Faux Sgraffito



The pysanky pictured above were written by Iryna Vakh, and are taken from her small photographic album «Намалюю голос пісні».  The technique she uses is her own, and produces lovely rainbow eggs.  I have chosen to call this technique faux (false) sgraffito, because it reminds me of the crayon drawings we used to make as children.  We would scribble all sorts of colors on a piece of paper, then color over them all with a black crayon,  To create a picture, we would take something sharp, and scratch through the black crayon down to the colored base.  The result would be something like this:

I learned later that this is a form of the technique called sgraffito, whose name is derived from the Italian word graffiare ("to scratch"), and ultimately from the Greek γράφειν (gráphein) "to write."  Per Wikipedia, it is a technique either of wall decor, produced by applying layers of plaster tinted in contrasting colors to a moistened surface, or of ceramics, by applying to an unfired ceramic body two successive layers of contrasting slip, and then in either case scratching so as to produce an outline drawing.  This is an example of sgraffito on a ceramic plate:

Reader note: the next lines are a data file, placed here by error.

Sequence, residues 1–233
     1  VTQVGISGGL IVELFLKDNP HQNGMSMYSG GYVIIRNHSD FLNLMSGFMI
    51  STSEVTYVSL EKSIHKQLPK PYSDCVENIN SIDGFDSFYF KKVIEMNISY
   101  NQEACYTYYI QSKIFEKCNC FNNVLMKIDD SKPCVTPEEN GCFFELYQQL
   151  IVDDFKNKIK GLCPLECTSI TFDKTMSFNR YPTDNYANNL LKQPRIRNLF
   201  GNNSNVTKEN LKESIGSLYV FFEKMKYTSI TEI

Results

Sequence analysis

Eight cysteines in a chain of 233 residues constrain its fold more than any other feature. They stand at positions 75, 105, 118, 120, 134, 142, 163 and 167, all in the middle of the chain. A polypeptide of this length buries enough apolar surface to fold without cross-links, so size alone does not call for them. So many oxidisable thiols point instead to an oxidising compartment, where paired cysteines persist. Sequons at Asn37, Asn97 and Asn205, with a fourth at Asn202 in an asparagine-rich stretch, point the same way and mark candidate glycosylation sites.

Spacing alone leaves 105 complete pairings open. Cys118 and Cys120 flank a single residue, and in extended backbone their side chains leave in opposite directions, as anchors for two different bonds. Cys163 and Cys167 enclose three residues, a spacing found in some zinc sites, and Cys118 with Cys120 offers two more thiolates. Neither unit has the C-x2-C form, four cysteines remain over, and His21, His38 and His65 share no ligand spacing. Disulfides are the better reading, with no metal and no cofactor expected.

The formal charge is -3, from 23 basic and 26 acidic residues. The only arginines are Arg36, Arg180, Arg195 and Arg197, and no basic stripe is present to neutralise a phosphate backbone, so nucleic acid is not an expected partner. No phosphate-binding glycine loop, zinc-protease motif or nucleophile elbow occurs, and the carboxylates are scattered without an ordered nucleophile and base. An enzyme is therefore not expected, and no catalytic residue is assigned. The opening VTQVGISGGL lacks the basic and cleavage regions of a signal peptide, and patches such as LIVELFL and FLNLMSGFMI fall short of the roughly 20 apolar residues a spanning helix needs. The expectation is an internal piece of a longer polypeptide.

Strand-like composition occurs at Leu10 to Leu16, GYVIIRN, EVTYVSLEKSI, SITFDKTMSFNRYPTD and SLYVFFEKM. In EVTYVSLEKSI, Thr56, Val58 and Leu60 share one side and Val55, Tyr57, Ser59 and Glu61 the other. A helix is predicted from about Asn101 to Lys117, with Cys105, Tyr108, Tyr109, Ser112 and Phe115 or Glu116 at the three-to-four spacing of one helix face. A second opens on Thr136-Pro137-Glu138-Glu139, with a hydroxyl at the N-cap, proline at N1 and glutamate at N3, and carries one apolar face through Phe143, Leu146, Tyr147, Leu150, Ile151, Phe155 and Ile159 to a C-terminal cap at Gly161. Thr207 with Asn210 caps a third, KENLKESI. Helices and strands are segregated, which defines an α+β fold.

The sgraffito technique can be adapted to other media as well: paint, crayon, glass.  During the Middle Ages, especially in panel painting and in the illumination of manuscripts, gold leaf was often used. In stained glass, the scratching is done through a top layer of colored glass, revealing clear glass below.

Eggs can be decorated with true sgraffito: dryapanky are an example of this technique, as dye is applied to an egg and then a designed is scratched through it down to the white eggshell.  The “faux sgraffito” eggs above look as though they have been made with this technique, but are actually created with ordinary wax-resist.  How?

Quite simply.  An egg is colored in a “splotchy” manner with numerous dyes, using a brush of some sort. Two or three colors are usually chosen, and the colored areas allowed to overlap and run into each other.


A design is then written with beeswax on the surface of this egg.  The egg is dyed a darker color (I like black), and then the wax removed, just as with an ordinary pysanka.  The result is quite different, though:

The egg above has a Sokal-style floral design.  Just about any sort of design, though, can be adapted to this technique. 

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